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    I traded in my Yamaha XJ6 for this bike which seemed the natural upgrade short of getting the FZ8. I look at this bike now and see the XJ6 lines on it and try not to think of the hurtful 'transformer' styling jibes that the XJ6 attracted! My reason for going back to Suzuki was the gear indicator as standard on most models (other manufacturers take note!). My GS550 from the early eighties had one and they should have become a standard feature on all bikes (rant over!). For 'oldies' thinking of coming back to 2 wheels, this 750 has more than twice the power of the GS550 and probably 50% better fuel consumption?! You'll read some negative press about a steel swinging arm rather than aluminium alloy - and that matters to the average Joe?? There's more than enough grunt for the commute and country roads at weekend. Let's face it, you only need a GSX-R if you're heading to a race track and forking out £140+ for those few hours of pleasure?? Although the brochure states 58 MPG, I got 66 MPG from a recent run where I wasn't exactly dawdling about @ 2,500 rpm and 35 MPH. Both trip milometers have average fuel consumption in MPG which saves me doing a litre to MPG calculation at the pumps (nice touch Suzuki). With 70 MPH @ 5,000rpm, The dealership claim that it'll indicate 152mph flatout if you've a mind to try that out on the public highway (who would do such a thing?!!). In the 3 months I've had it I've done some 4,000 miles which contrasts sharply with my 6,000 annual average on the Yam. In short, this bike is fun and I want to be riding it at every opportunity. My dealership has 3 years free servicing and the Pirelli replacements front and back at that service have made things even better. I should point out 2 negative points: 1. If this bike is pitched at the born again commuter/motorcyclist from the 70/80's, then we expected (and got!) a centre stand for our dosh. This bike feels lighter than the XJ6 and the side stand does not seem to lean either far enough forward or to the side which leaves me worried about the gale force winds in my works car park this winter... To rub salt in that wound there's no Suzuki or after sales centre stand that I can find on the net. 2. The Yam service was every 6,000 miles and the ridiculously overpriced valve check at 24,000 miles was £500 (those were 2010 quotes). Suzuki services at 3,500 miles and 11,000 miles respectively are twice as onerous. Now I know this engine is derived from a GSXR-750 but if you're not spinning it up to near 14,000 revs (GSR is11,250 btw) does it really need an oil and filter change every 3,500 miles??? The above having been said, if the other manufacturers are loathe to equip their models with a gear indicator, it'll be another SUZUKI for me in 3 or 4 years before I have to personally pay for the nightmare 22,000 mile valve clearance service?! Paul M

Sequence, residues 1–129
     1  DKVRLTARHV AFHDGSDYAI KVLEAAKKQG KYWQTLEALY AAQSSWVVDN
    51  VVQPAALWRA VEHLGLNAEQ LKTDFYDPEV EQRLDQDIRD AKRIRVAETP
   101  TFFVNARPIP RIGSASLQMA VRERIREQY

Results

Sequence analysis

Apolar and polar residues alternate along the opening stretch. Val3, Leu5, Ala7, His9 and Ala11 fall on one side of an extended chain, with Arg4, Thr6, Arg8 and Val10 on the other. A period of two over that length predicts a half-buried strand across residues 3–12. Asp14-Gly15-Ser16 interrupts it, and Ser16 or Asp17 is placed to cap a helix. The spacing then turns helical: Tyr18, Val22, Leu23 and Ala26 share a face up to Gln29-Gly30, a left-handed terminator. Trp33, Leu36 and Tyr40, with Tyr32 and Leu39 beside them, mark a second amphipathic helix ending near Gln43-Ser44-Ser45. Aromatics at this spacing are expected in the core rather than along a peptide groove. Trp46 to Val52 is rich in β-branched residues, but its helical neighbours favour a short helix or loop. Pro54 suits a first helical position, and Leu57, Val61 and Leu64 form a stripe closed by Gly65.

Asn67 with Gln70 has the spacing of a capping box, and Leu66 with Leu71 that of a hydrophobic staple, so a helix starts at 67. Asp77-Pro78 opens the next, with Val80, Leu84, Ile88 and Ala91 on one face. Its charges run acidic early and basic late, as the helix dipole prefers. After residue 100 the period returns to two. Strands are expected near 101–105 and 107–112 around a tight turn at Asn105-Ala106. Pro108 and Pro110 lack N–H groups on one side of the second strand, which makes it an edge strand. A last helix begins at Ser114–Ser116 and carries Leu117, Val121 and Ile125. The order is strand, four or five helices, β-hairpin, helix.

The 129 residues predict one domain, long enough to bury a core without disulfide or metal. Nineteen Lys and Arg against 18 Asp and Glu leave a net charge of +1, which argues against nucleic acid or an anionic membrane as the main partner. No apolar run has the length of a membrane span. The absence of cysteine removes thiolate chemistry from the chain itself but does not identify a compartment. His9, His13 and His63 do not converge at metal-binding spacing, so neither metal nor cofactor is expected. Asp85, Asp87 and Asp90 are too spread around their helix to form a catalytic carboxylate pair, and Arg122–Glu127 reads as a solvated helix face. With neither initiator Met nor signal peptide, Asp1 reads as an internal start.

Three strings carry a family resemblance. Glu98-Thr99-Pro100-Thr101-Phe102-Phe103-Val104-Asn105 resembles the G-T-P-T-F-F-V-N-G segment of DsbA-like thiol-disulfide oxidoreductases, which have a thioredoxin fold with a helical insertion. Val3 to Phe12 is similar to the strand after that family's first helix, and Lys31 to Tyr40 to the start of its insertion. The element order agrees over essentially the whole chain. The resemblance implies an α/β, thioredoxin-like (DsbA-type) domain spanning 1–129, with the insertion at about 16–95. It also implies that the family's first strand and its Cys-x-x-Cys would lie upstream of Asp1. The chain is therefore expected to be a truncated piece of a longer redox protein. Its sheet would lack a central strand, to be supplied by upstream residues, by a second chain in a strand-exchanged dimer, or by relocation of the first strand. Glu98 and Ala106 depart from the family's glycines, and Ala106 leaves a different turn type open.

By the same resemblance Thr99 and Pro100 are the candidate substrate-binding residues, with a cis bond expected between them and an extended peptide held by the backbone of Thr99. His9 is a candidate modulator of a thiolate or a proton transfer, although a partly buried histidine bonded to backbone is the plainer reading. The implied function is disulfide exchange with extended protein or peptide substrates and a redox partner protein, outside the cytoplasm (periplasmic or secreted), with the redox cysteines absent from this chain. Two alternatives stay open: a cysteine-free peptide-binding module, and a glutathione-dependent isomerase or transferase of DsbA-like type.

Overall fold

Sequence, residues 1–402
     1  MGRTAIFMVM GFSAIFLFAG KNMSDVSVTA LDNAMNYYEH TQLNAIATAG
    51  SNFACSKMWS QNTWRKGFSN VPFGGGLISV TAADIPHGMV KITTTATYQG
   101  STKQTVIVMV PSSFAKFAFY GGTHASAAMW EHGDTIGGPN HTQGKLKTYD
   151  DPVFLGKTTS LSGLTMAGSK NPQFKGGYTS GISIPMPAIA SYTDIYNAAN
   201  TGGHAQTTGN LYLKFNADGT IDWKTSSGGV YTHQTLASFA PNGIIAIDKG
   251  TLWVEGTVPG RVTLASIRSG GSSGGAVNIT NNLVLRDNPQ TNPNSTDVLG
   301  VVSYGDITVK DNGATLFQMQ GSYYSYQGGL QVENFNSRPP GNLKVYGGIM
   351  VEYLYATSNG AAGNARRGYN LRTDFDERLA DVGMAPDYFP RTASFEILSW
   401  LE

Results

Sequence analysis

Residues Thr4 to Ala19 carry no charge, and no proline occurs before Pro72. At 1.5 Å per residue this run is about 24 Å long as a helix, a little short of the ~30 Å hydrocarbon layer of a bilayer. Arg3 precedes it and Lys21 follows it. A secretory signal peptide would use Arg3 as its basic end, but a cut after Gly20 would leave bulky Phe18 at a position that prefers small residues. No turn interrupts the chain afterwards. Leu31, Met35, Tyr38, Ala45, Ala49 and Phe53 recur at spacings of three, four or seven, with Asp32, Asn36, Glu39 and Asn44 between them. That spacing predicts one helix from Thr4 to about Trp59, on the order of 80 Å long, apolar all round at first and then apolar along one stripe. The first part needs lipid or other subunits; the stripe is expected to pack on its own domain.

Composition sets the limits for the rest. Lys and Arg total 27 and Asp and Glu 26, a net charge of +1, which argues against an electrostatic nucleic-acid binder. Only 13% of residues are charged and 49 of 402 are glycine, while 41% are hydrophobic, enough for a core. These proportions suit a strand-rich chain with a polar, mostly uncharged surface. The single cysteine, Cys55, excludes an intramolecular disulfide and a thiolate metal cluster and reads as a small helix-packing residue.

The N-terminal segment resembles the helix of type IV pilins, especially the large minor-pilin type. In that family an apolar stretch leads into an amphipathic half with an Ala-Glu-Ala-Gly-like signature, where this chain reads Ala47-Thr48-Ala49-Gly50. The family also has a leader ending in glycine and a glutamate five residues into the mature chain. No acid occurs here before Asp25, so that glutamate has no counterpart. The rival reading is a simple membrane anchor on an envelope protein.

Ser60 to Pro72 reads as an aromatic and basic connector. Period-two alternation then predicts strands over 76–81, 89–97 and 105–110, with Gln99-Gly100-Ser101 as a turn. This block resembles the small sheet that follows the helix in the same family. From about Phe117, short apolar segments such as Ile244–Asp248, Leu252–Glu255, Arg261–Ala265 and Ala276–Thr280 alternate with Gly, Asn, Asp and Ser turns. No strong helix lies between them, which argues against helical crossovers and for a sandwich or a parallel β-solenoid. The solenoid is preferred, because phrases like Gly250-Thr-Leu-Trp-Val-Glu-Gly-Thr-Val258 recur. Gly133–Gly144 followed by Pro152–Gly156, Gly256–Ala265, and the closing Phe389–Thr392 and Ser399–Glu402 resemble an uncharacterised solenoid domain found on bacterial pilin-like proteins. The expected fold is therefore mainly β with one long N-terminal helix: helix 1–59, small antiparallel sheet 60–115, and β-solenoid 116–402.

07 August 2013

  • Dubstep on two wheels ! :)

    suzukigsr750